Corticosteroids are the most prevalent form of injection when treating keloids; injections are taken a total of four times and dosed once every 20-30 days. Keloid shrinkage should slowly progress as treatment occurs, with a disappearance rate of 50-70% after completion of treatment; there is a chance for keloids to recur, so injections are best paired with alternative treatment methods. 

Surgical Excision

Complete removal of the keloid to prevent recurrence is typically an unsuccessful method of treatment. To achieve success with this method, your dermatologist may suggest radiation or cryotherapy. 


Utilizing radiation after surgical excision is one of the most successful methods to prevent the recurrence of a keloid. 


A dermatologist might suggest utilizing cryotherapy if a keloid is small in size. Using cryotherapy minimizes the damage received below the keloid scar tissue via the surgical method. 

Laser Treatment

Laser treatment is a successful option when the presence of colour is an issue with keloids.  Not only does laser treatment reduce the visible colour of the keloid, but it can also shrink the size of the keloid when combined with injections or pressure. 

Compression earrings, dressings, and garments

Compression and pressure are about 90% effective after surgical treatment; however, using compression is a tedious and often painful process. Patients are advised to wear earrings or garments from 6-12 months and may experience pain due to pressure.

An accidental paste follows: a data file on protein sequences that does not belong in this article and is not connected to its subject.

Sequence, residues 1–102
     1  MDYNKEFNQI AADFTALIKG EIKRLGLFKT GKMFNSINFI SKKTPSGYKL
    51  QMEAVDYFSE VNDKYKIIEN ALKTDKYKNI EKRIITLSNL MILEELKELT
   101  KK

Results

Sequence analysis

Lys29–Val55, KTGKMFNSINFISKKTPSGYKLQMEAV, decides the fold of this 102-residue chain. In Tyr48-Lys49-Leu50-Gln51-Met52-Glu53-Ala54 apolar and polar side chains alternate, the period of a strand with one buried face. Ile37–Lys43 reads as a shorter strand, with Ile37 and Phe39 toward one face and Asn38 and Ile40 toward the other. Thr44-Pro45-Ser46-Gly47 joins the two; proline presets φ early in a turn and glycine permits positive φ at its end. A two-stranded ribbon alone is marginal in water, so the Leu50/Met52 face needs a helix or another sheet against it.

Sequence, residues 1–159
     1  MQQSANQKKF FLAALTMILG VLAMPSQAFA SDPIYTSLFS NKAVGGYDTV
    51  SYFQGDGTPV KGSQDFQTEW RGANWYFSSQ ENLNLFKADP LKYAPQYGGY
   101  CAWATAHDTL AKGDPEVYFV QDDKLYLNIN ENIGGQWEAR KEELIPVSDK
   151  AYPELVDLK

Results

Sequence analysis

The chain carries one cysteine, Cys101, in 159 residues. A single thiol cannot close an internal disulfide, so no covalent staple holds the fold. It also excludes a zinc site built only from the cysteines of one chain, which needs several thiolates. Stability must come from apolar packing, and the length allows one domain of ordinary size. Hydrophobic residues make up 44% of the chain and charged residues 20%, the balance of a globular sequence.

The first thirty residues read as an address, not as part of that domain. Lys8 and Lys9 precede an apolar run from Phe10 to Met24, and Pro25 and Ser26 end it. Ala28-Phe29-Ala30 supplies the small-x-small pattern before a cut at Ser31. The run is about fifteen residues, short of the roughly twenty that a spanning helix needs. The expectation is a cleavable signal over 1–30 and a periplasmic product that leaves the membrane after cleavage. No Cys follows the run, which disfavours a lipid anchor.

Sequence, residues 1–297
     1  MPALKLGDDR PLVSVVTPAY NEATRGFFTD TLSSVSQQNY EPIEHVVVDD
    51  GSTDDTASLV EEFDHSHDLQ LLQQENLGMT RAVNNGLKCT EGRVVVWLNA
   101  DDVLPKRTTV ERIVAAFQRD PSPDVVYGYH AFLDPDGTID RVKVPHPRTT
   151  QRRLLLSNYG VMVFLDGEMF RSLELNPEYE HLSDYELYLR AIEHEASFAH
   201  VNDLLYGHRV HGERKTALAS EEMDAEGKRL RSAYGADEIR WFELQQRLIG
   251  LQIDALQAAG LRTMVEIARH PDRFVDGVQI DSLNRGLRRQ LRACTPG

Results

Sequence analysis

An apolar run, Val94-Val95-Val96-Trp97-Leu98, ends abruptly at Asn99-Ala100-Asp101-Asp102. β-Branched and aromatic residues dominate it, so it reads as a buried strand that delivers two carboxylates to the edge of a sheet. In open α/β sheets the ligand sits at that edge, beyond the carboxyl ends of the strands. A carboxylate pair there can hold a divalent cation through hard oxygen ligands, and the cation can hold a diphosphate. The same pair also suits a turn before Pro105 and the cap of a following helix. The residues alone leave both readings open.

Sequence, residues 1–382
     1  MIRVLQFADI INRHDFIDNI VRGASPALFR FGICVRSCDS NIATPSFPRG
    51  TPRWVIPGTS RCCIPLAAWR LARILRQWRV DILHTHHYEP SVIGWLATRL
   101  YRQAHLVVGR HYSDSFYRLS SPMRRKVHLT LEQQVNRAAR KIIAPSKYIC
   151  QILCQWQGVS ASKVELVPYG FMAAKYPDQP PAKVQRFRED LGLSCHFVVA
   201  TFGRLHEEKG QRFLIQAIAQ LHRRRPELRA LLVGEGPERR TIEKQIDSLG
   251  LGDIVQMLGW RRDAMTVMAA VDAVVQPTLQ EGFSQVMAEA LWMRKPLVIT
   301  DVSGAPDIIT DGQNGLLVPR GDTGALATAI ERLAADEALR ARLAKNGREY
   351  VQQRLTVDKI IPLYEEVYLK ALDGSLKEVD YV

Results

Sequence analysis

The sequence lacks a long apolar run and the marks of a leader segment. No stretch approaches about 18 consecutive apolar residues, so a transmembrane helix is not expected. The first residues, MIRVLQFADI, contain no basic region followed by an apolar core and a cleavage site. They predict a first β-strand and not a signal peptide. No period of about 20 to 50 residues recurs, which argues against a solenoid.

Silicone gels or sheets

These sheets are applied and reapplied to the keloid; they are typically combined with pressure therapy. 


Using a ligature to remove the keloid can also be a tedious process; your dermatologist will surgically tie a thread around the keloid, causing it to gradually fall off; the thread requires replacement every 2 weeks until the keloid successfully falls off. 

Alternative methods

Communication is the key factor when determining which treatment option is right for you; discussing alternative methods with your dermatologist is crucial if you are concerned with the side effects of the treatment, the financial cost of treatment or you are curious to explore homoeopathic remedies. As the medical community generates larger bodies of research involving the pathogenesis and treatment of keloids, more options may become widely available to public health services. 

What to expect post-treatment of keloids 

The success rate or the possibility for recurrence of your keloid is determined by the treatment plan selected by you and your dermatologist. It is important to reflect on the initial concerns regarding your keloid: has the appearance and colour improved? Has the pain, itchiness, or discomfort subsided? Maintaining open discussion with your dermatologist is crucial to the success rate of treatment. 

Your dermatologist may outline a comprehensive post-treatment plan for you depending on which treatment you have selected and where you may be in the healing process. It is important to abide by all guidelines, as per your dermatologist, to ensure the keloid does not recur. 

Can keloids be prevented? 

Outlining your genetic and familial history with keloids is important as to whether a keloid will initially occur; many genetic factors are responsible for the progression of a keloid scar. Keloids occur after a type of trauma is inflicted—burns, surgeries of varying degrees, piercings and tattoos are all common culprits in the formation of keloids. 

Prevention of the formation of keloids is reliant upon avoiding non-essential surgeries, piercings and tattoos, as well as utilizing pressurized body jewellery to prevent scarring if body modifications are desired. If surgical procedures are unavoidable, a mindful and cautious technique must be utilized by the practitioner to minimize the damage inflicted upon the tissues.